ANCHORAGE (AP) -- Gov. Tony Knowles is demanding that the Department of Defense reveal all Cold War-era chemical or biological weapons testing in Alaska.
In a letter Wednesday to Secretary of Defense Donald Rumsfeld, Knowles also insisted that the military work with the state to investigate and, if necessary, clean up any disposal areas or unexploded projectiles and canisters at the Gerstle River test site at Fort Greely.
The test area is open to the public for subsistence hunting, gathering and recreation, Knowles said.
In tests conducted between 1962 through 1967, the military placed sarin gas and VX in artillery shells and rockets that were launched into the woods or detonated in place on the Gerstle River Test Site about 30 miles southeast of Delta Junction. The military then studied how the chemicals dispersed, including how well they stuck to mannequins dressed in cold weather gear.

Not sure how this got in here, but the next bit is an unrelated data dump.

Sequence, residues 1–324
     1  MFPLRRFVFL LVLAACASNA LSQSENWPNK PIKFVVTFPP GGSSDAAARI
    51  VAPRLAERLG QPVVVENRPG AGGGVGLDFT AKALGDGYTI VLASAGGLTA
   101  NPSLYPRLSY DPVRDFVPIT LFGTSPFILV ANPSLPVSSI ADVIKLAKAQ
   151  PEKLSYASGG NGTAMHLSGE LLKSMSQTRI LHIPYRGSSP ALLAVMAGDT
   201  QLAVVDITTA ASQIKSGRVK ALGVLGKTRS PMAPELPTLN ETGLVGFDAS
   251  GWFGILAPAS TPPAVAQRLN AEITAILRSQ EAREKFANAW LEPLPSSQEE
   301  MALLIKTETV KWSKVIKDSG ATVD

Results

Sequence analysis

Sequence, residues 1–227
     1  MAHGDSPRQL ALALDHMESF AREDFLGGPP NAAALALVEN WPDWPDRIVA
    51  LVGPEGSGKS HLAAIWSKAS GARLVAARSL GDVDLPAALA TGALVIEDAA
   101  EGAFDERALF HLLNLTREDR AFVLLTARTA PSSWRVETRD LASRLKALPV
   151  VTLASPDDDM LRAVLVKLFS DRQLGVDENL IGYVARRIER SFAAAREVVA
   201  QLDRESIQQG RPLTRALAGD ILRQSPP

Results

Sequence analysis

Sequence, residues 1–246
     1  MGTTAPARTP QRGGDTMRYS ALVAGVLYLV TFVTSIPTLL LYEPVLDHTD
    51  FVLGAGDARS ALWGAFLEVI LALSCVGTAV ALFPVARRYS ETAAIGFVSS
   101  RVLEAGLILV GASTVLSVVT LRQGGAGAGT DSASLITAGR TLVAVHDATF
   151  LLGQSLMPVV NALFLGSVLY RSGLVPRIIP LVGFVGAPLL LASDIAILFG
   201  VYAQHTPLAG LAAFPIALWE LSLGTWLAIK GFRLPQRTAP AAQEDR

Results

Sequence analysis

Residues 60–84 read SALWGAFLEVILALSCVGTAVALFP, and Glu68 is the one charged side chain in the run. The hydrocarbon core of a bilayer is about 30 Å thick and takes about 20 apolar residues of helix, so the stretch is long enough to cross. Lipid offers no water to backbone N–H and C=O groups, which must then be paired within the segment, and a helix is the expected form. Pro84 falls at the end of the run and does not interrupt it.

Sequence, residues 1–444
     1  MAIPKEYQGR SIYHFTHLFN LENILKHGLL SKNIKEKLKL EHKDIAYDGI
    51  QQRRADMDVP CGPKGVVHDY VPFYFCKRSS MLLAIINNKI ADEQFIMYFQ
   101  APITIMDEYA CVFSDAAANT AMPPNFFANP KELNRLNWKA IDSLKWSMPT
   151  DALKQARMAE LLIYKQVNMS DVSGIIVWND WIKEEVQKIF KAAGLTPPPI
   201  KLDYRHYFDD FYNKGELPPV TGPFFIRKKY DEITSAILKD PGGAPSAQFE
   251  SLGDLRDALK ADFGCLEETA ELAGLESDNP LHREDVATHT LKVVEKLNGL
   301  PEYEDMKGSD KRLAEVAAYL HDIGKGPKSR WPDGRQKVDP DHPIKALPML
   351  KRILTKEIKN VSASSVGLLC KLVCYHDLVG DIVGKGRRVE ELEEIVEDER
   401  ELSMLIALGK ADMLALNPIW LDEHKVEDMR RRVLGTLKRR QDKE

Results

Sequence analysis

Last week, the Department of Defense acknowledged the testing but said it didn't harm people or the environment. Until then, the Army had refused to release documents about the site.
The governor has formed an eight-person team from four state agencies to work with the federal government.
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